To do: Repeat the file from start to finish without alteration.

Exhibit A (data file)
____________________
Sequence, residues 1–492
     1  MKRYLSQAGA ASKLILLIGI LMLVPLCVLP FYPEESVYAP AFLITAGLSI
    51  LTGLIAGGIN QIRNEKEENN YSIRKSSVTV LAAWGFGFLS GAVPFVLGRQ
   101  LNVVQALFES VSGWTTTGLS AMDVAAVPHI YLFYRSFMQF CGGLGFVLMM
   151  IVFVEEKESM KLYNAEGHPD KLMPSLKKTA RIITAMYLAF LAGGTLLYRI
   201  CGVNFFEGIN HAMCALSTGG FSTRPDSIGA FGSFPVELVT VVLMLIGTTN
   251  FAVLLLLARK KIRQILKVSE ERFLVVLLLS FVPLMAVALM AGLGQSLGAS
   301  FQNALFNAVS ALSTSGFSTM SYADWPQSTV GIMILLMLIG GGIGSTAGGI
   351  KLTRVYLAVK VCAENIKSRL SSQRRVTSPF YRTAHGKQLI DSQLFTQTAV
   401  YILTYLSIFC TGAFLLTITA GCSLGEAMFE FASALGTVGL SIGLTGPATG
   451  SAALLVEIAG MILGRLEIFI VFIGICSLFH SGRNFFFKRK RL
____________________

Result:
Sequence, residues 1–492
     1  MKRYLSQAGA ASKLILLIGI LMLVPLCVLP FYPEESVYAP AFLITAGLSI
    51  LTGLIAGGIN QIRNEKEENN YSIRKSSVTV LAAWGFGFLS GAVPFVLGRQ
   101  LNVVQALFES VSGWTTTGLS AMDVAAVPHI YLFYRSFMQF CGGLGFVLMM
   151  IVFVEEKESM KLYNAEGHPD KLMPSLKKTA RIITAMYLAF LAGGTLLYRI
   201  CGVNFFEGIN HAMCALSTGG FSTRPDSIGA FGSFPVELVT VVLMLIGTTN
   251  FAVLLLLARK KIRQILKVSE ERFLVVLLLS FVPLMAVALM AGLGQSLGAS
   301  FQNALFNAVS ALSTSGFSTM SYADWPQSTV GIMILLMLIG GGIGSTAGGI
   351  KLTRVYLAVK VCAENIKSRL SSQRRVTSPF YRTAHGKQLI DSQLFTQTAV
   401  YILTYLSIFC TGAFLLTITA GCSLGEAMFE FASALGTVGL SIGLTGPATG
   451  SAALLVEIAG MILGRLEIFI VFIGICSLFH SGRNFFFKRK RL